The length of TransLink’s R1 King George Boulevard RapidBus route could potentially be doubled to reach some of Metro Vancouver’s southernmost communities, South Surrey and White Rock.
According to a new City of Surrey staff report, TransLink has plans to extend the R1 southwards along King George Boulevard, beyond its current southernmost terminus at Newton Exchange.
The R1 would instead run to South Surrey’s Semiahmoo Town Centre, effectively also serving White Rock’s city centre located immediately to the south.
But at the moment, there is no timeline for the extension’s implementation as the project is unfunded. The Mayors’ Council’s 10-year plan previously included an unspecified potential “new or upgraded” bus service for the King George Boulevard corridor between Newton and South Surrey.
The King George Boulevard segment between Newton Exchange and Semiahmoo Town Centre/White Rock city centre is currently served by the southern half of the No. 321 bus route, which ranked as the region’s 28th busiest bus route in 2019, with 3.43 million boardings and an average of 10,300 weekday boardings.
Currently, the 11-km-long R1 — previously known as the 96 B-Line — runs along 104 Avenue and King George Boulevard between Guildford Town Centre, Surrey Central Station, and Newton Exchange.
However, TransLink and the City of Surrey are planning bus-priority measure upgrades in 2022 for the existing R1 route, such as a bus queue jump through King George Boulevard’s intersection at 72 Avenue, and a northbound bus-priority lane on King George Boulevard from Hall Road to 74 Avenue — from the narrowing of existing travel lanes and reducing the existing pedestrian islands. This work supports R1’s future extension beyond Newton.
Additionally, also in 2022, a bus-only southbound left turn lane for the southbound King George Boulevard to eastbound 72 Avenue will be installed — effectively improving both the speed and reliability of buses, and provide additional capacity for general traffic.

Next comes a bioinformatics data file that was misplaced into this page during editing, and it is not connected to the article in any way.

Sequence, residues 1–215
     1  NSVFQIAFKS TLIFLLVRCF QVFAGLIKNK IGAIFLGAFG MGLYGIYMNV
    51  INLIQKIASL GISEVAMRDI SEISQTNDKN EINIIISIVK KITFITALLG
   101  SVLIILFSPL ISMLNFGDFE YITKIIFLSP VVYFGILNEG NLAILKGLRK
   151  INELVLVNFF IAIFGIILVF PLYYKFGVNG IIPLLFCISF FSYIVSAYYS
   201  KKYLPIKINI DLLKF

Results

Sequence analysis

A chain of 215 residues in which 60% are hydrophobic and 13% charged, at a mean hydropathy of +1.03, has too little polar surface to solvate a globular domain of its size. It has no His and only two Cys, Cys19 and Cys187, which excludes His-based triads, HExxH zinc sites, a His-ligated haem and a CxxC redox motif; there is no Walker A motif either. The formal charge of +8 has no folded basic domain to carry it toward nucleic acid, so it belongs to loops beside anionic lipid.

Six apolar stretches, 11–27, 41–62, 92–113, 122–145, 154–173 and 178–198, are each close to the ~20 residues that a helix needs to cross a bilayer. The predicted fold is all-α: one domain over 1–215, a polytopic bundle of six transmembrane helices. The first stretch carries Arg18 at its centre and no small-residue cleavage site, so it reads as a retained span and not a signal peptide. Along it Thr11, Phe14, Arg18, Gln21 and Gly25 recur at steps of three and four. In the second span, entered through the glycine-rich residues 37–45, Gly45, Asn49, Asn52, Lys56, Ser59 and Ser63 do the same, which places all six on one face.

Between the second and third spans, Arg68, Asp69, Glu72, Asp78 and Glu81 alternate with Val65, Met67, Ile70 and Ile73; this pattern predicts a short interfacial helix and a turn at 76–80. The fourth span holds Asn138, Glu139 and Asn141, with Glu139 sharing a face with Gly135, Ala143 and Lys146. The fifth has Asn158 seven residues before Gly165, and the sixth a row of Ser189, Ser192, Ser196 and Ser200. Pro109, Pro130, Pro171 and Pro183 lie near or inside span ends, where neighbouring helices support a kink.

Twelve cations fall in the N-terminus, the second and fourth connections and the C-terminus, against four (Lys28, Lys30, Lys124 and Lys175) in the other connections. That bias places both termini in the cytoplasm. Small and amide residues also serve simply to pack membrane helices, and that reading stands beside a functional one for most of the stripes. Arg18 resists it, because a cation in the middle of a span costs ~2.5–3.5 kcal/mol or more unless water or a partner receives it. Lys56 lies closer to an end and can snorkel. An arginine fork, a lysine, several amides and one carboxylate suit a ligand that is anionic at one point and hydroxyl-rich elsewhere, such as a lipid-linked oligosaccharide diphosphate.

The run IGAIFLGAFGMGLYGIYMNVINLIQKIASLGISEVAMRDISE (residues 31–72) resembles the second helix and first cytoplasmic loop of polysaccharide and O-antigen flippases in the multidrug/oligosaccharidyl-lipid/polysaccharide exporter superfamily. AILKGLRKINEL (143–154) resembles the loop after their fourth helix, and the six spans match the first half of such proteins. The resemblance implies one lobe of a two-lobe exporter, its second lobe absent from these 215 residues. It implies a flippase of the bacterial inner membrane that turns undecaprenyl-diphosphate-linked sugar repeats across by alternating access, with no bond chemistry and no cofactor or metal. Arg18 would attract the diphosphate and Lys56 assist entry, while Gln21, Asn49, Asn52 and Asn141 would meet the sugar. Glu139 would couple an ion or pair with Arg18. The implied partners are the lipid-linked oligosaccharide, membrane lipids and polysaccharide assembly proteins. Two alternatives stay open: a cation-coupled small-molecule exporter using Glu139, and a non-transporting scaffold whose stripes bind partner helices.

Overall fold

“By separating the modes, buses will be able to clear the intersection more quickly by advancing to the front of the queue in their own turning lane beside the existing lane for cars/trucks. The traffic signal and intersection will be fully rebuilt and include Vision Zero Safety improvements,” reads a city staff report.
More improvements for the R1 will follow in 2023, such as a new westbound bus-priority lane on 72 Avenue from 137 Street to Hall Road through King George Boulevard. This work will benefit the existing R1, the future R6 Scott Road RapidBus, and local bus routes, totalling 32 buses per hour during peak periods.
In the report, city staff also hinted the municipal government and TransLink’s preference for a southward SkyTrain extension along King George Boulevard to Newton for fulfilling the corridor’s rapid transit needs, instead of bus rapid transit or any consideration of reviving street-level light rail transit concepts.
“With King George Boulevard identified as a future SkyTrain corridor, improving the speed and reliability of the R1 King George RapidBus will help to continue building transit ridership and a stronger business case for SkyTrain expansion on King George Boulevard in the future,” state city staff.
In 2019, the R1 (96 B-Line) saw 6.4 million boardings, averaging 19,200 per weekday, making it the 12th busiest bus route in the region. Its ridership grew over 70% compared to the 3.7 million boardings recorded in 2015.
While a R1 extension is not likely until later this decade, the implementation of the R6 is fully funded, with TransLink aiming to begin the service by September 2023.
The R6 will run along Scott Road and 72 Avenue between SkyTrain Scott Road Station and Newton Exchange. This duplicates the existing No. 319 Scott Road Station/Newton Excange/Scottsdale route, which will remain as a local service with reduced frequency.
The city and public transit authority are planning to construct on-street changes for R6 bus-priority measures between Fall 2022 and Summer 2023.
The No. 319 is the busiest bus route in the South of Fraser sub-region and seventh busiest bus route in Metro Vancouver, with 7.5 million boardings and a weekday average of 23,000 in 2019 — up from 4.3 million in 2015. Before the pandemic, it was one of the fastest growing bus routes in the entire region.
Both the municipal governments of Surrey and Delta are currently in the process of completing land use planning for medium to long-term rapid transit on the corridor, and the establishment of the R6 as the first step to build and encourage smart growth along the Scott Road and 72 Avenue corridors.
According to the City of Surrey, about 40% of all trips on Scott Road are made on public transit, which indicates the corridor already has a well-established demand for transit.